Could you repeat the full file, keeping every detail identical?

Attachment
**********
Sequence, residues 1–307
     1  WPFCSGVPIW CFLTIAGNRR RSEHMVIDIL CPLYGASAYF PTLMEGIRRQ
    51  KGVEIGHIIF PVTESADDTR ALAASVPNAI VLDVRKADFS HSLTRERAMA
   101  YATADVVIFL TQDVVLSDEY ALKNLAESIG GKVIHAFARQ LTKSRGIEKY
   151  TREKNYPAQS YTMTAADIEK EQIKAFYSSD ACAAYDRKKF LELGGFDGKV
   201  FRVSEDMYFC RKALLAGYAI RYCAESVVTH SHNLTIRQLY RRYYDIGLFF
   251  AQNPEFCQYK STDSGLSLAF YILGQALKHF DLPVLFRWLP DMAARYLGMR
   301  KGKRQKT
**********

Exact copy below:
Sequence, residues 1–307
     1  WPFCSGVPIW CFLTIAGNRR RSEHMVIDIL CPLYGASAYF PTLMEGIRRQ
    51  KGVEIGHIIF PVTESADDTR ALAASVPNAI VLDVRKADFS HSLTRERAMA
   101  YATADVVIFL TQDVVLSDEY ALKNLAESIG GKVIHAFARQ LTKSRGIEKY
   151  TREKNYPAQS YTMTAADIEK EQIKAFYSSD ACAAYDRKKF LELGGFDGKV
   201  FRVSEDMYFC RKALLAGYAI RYCAESVVTH SHNLTIRQLY RRYYDIGLFF
   251  AQNPEFCQYK STDSGLSLAF YILGQALKHF DLPVLFRWLP DMAARYLGMR
   301  KGKRQKT